Since the COVID-19 pandemic started, PPE (short for Personal Protective Equipment) has become a household word. The materials used to produce PPE have advanced considerably due to technological progress, but everything started somewhere. Let’s look at the early origins of the main PPE items.
During the Roman period, Pliny the Elder described the use of animal bladders to protect miners from inhaling cinnabar dust.
The “beak mask” was created in Europe in the 12th century to protect doctors who were treating people with plague.
The ﬁrst patent for earplugs was granted in 1884. In 1907, German pharmacist Max Negwer develo-ped the ﬁrst modern earplugs for factory workers. International sales rocketed after World War II as soldiers came home with cases of deafness.
The ﬁrst protective shoes were wooden clogs used by French farmers to protect their feet from sharp, heavy agricultural tools and from being trodden on by animals. After World War II, the ﬁrst steel toe safety boots were invented for German factory workers.
Gold miners made helmets shaped like bowler hats from hard felt stuﬀed with cotton to protect their heads from falling rocks.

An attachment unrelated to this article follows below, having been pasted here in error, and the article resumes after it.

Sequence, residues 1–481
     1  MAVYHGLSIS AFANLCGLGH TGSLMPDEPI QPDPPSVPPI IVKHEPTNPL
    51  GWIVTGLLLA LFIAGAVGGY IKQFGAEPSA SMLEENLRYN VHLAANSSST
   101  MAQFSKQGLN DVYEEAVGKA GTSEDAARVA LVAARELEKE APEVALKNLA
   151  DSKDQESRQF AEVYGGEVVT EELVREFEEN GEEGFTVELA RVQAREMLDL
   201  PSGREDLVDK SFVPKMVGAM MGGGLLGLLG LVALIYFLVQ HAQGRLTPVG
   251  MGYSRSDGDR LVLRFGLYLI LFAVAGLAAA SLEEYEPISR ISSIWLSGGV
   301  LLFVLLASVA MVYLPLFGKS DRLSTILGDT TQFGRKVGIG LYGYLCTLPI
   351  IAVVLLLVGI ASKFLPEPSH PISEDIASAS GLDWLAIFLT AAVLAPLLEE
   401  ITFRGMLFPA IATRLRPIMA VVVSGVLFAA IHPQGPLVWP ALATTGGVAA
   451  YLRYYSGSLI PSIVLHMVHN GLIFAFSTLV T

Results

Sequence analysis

In 1919, the Bullard Company in California patented a hard hat made of steamed canvas, glue and black paint, which marked the beginning of the widespread use of helmets.
The Eskimos developed goggles to protect their eyes from sunlight reﬂected oﬀ the snow. Made of wood, bone or ivory, they had slits that ﬁltered the glare. Some such goggles are over 2,000 years old. The ﬁrst safety goggles were developed in the US in 1909 by the Julius King Optical Company.
The ﬁrst use of surgical gloves is attributed to William Stewart Halsted, a US surgeon who was operating with nurse Caroline Hampton, who suﬀered from dermatitis due to contact with antiseptics. In 1890, Halsted designed rubber gloves that could resist both heat and chemicals. Hampton’s eczema disappeared. Late in the 19th century, gloves of this type became obligatory for doctors, surgeons and nurses.